• Uncertainty turns to fear

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    Ben D. Kritz

    Ben D. Kritz

    UP until the end of last week, the prevailing business and investor attitude towards President Rodrigo Duterte was, “We’re still not sure what to make of this guy, but we’re seeing some good signs, so we’re going to give him the benefit of the doubt for at least a little while more.”

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    Duterte’s “I announce in this venue” speech in which he publicly broke with the US and swore fealty to our new Mandarin Overlords set that attitude on edge; his hasty backpedaling beginning the very next day pushed it over and sent it crashing down. What was optimistic uncertainty has now turned to fear, and as a result, I and a few others with a similar mindset find ourselves with an unexpected and somewhat regrettable opportunity in helping businesses and individuals to prepare exit strategies.

    Most of those who are now feeling they need a clear “worst-case scenario” plan are foreign businessmen and residents, but a surprising number (among the various calls and messages I’ve received in the past couple of days, about one in four) are Filipinos. That is an indication that it is not necessarily the substance of what comes out of Duterte’s mouth that is worrisome, but rather the obvious problem that not even he seems to know what he will say next, and is apparently incapable of grasping that as the head of state his word is policy.

    Duterte’s antagonism towards US policy is well founded, and it is the individual Americans here who probably agree with it the most; if that were not the case, most of us wouldn’t be here in the first place. The US government, for all the good it is capable of doing in the world, does some highly questionable things in pursuit of maintaining its position as the world’s alpha superpower, and over the last eight years, has furthermore done them with less skill than it used to have. Objectively, wanting to keep the US at arm’s length is probably very prudent. By the same token, cultivating a productive but careful relationship with China – despite its having a questionable geopolitical outlook of a different sort – is also probably very prudent; it is, after all, the biggest market in this part of the world.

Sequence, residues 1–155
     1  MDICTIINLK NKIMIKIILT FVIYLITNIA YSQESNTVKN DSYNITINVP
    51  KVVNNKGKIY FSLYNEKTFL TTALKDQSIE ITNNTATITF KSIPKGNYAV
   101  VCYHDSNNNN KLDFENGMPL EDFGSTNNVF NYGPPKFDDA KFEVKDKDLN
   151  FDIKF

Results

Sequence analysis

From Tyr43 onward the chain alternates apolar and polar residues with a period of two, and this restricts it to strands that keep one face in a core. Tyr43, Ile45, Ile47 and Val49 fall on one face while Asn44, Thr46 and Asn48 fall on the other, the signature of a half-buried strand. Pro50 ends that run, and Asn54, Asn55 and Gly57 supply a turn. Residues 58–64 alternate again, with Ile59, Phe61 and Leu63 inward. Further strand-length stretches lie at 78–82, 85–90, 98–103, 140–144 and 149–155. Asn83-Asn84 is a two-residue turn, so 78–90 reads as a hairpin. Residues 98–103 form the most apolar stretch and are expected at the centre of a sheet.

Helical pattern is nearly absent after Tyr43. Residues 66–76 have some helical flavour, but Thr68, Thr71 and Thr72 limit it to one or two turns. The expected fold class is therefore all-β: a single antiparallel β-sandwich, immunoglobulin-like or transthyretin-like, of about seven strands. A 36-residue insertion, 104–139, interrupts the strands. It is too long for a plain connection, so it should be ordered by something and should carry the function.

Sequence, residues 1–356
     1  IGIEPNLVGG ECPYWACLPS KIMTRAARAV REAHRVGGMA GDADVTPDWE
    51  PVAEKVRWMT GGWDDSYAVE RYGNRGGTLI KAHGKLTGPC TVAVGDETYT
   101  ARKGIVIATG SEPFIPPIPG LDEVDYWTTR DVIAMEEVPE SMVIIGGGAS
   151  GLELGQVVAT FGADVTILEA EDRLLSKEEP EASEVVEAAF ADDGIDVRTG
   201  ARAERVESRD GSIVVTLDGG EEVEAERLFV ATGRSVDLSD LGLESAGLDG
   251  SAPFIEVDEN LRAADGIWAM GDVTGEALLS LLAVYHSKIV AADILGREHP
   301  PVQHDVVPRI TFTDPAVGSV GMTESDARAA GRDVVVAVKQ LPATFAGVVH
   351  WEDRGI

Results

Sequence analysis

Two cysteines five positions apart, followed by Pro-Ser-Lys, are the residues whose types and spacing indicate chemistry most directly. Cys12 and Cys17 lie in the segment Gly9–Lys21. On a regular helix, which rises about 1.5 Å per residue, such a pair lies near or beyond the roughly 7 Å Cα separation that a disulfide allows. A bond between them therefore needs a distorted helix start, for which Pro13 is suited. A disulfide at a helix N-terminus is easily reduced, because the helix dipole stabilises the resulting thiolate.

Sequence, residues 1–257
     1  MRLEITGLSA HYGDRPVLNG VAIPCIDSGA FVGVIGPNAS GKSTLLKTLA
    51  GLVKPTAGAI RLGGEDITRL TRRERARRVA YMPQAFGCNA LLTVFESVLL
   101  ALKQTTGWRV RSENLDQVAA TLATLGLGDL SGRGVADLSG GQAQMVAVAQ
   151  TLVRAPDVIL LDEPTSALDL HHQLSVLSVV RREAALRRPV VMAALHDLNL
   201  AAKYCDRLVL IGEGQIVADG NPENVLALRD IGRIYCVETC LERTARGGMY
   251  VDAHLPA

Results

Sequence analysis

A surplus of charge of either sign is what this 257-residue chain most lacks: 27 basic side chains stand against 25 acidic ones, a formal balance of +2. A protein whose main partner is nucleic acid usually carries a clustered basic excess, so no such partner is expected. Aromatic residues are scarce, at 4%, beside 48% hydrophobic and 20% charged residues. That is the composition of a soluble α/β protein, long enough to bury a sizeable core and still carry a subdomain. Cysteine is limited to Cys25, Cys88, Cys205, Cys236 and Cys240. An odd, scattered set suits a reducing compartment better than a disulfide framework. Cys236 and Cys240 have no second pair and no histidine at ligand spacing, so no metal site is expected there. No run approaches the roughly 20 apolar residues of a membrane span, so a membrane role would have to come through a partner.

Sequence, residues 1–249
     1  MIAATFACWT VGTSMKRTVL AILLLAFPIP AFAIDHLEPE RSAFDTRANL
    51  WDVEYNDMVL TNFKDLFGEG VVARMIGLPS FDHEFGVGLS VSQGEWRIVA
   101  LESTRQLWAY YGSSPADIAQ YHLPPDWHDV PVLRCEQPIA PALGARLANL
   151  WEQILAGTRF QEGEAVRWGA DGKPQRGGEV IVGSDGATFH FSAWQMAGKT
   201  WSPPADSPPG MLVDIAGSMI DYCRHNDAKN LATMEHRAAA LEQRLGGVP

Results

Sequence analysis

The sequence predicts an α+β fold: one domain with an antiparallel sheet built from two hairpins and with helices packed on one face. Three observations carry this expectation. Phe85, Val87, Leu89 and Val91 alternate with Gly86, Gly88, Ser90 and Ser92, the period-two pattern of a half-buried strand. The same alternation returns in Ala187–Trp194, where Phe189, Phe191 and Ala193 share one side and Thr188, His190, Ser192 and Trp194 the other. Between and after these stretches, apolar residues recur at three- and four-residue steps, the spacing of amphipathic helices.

What a leader should not do, however, if he intends to pursue an “independent foreign policy,” is reveal his relationship goals with one major power in a public speech as a guest of the other. There is no sensible reason for doing what Duterte did in Beijing, unless he was compelled to do so by the Chinese as a quid pro quo for the enormous amount of investment they were dangling, or actually wanted to present himself as a supplicant, which was how he came across no matter what inspired the speech. Making that speech was stupid enough; immediately backtracking on it put Duterte, and as a result the whole country, in an even worse position than being a client state of one power or another – appearing as inconsistent and untrustworthy to both of them.

    The worries among people who live and do business here are twofold, both equally frightening. The most immediate fear is that Duterte’s attitude will incite the population that overwhelmingly supports him; so far, no one has reported being subject to anti-American xenophobia, but the mere possibility – particularly with the example of how ardently the general population adopted Duterte’s bloodlust with respect to the anti-drug campaign – is enough to scare some people away. The second fear is that Duterte’s capriciousness is not limited to foreign policy, and that when his government is free from being handcuffed by Aquino’s last budget, it will be freer to express his policy inconsistency.

    The local manager – a Filipino – of an American-owned BPO operation in Cavite expressed the frustration now being felt in a conversation over the weekend, when he revealed that his company has quietly put on hold plans to expand and add a couple hundred new employees next year. “It’s nuts,” he said. “We don’t know if this guy is going to wake up tomorrow and decide to order all the Americans out. And then change his mind in the afternoon. It’s gotten to the point where no one knows what to believe, and you can’t make plans on that. It breaks my heart, we’re doing so well, and there’s only more business out there. But the company doesn’t know what to do now, and so it’s not going to do anything, and we…all the people working here, or could be, we’re the ones who lose.”

    ben.kritz@manilatimes.net

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